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Long-term outcomes of second treatment after initial transarterial chemoembolization in patients with hepatocellular carcinoma



Background & Aims

All outcome studies concerning the management of hepatocellular carcinoma (HCC) are based on the initial treatment. However, remaining, progressing or recurring tumours (RPRTs) after transarterial chemoembolization (TACE) are common; therefore, various second treatments are administered to HCC patients. Here, we investigated the long-term outcomes of second treatments for RPRT after initial TACE.


We enrolled 855 consecutive HCC patients who underwent TACE as the initial treatment at the National Cancer Center, Korea, from January 2004 to December 2010.


The median follow-up was 43.4 months, and the median progression-free survival following initial TACE was 4.0 months, being 18.1 and 1.0 months for complete remission and progressive disease respectively. Second treatments were administered to 790 RPRT patients (92.4%); the most common was TACE (56.4%), followed by best supportive care (22.8%), systemic chemotherapy (9.4%), external radiotherapy (4.4%), radiation ablation (RFA; 2.9%), resection (2.0%) and liver transplantation (1.4%). Median overall survival (mOS) for initial TACE was 18.8 months [95% confidence interval (CI), 16.6–21.0 months]; after second treatments, it was 12.4 (95% CI, 10.6–14.2) months, differing significantly by mRECIST assessment, BCLC stage and RPRT type (28.0, 5.0 and 3.9 months for intrahepatic, vascular and extrahepatic RPRT, respectively; P < 0.001). Intrahepatic RPRT with a curative treatment as a second treatment showed the best OS.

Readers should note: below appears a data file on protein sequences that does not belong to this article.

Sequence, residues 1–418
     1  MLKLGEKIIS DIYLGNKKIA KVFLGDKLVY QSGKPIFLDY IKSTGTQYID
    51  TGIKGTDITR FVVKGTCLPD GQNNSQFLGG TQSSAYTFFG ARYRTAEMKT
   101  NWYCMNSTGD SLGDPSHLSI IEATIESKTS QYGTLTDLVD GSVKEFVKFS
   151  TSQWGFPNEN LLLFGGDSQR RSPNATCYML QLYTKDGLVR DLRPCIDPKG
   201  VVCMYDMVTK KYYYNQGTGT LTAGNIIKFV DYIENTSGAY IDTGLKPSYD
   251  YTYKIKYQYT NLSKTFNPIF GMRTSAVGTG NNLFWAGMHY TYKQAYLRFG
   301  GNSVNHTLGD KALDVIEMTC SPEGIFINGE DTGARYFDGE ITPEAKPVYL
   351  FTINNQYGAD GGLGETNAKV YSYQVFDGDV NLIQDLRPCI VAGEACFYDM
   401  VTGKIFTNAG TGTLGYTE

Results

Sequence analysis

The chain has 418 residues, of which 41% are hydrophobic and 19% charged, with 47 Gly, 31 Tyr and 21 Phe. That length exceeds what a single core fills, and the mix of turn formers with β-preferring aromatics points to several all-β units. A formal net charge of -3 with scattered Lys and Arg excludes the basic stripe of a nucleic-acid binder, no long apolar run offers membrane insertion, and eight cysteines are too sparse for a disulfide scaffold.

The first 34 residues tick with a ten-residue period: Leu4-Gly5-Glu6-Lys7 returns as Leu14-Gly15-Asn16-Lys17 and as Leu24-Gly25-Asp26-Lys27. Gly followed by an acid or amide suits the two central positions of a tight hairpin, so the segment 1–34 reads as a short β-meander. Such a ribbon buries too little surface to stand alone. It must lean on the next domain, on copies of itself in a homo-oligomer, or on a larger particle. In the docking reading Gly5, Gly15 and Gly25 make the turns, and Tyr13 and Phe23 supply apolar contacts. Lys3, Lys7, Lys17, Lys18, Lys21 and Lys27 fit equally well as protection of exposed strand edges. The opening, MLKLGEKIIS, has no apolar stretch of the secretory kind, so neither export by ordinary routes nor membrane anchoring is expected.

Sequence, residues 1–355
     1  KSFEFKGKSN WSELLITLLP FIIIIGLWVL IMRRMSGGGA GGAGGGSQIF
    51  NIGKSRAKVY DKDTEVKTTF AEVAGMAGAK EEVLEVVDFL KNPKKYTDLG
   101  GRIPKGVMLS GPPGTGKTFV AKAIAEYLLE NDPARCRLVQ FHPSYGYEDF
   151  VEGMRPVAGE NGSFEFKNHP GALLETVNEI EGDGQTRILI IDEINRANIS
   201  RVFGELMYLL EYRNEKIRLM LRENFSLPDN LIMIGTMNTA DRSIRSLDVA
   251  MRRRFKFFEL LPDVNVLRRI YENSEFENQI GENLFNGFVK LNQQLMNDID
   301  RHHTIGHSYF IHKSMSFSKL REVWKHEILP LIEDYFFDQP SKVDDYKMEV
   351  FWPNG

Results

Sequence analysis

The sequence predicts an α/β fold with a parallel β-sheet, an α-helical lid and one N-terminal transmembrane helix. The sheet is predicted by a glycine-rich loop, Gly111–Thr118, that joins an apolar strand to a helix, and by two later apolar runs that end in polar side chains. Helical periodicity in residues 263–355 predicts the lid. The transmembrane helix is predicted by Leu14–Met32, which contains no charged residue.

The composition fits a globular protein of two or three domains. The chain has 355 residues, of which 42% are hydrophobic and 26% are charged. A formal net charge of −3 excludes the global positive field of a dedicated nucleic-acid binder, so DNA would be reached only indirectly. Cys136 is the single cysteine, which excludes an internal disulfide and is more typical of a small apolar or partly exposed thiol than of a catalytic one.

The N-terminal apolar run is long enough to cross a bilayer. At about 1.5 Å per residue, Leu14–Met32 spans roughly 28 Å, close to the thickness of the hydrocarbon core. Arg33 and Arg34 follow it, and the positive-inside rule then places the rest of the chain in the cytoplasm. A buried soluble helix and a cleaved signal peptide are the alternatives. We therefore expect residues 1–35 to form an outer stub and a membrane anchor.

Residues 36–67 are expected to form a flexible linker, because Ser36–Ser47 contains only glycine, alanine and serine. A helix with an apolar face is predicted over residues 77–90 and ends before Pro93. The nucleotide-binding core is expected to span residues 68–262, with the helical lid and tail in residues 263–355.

These novel insights into the patterns and long-term outcomes of second treatments for RPRT in HCC patients who underwent initial TACE are expected to aid in formulating treatment strategies for HCC patients.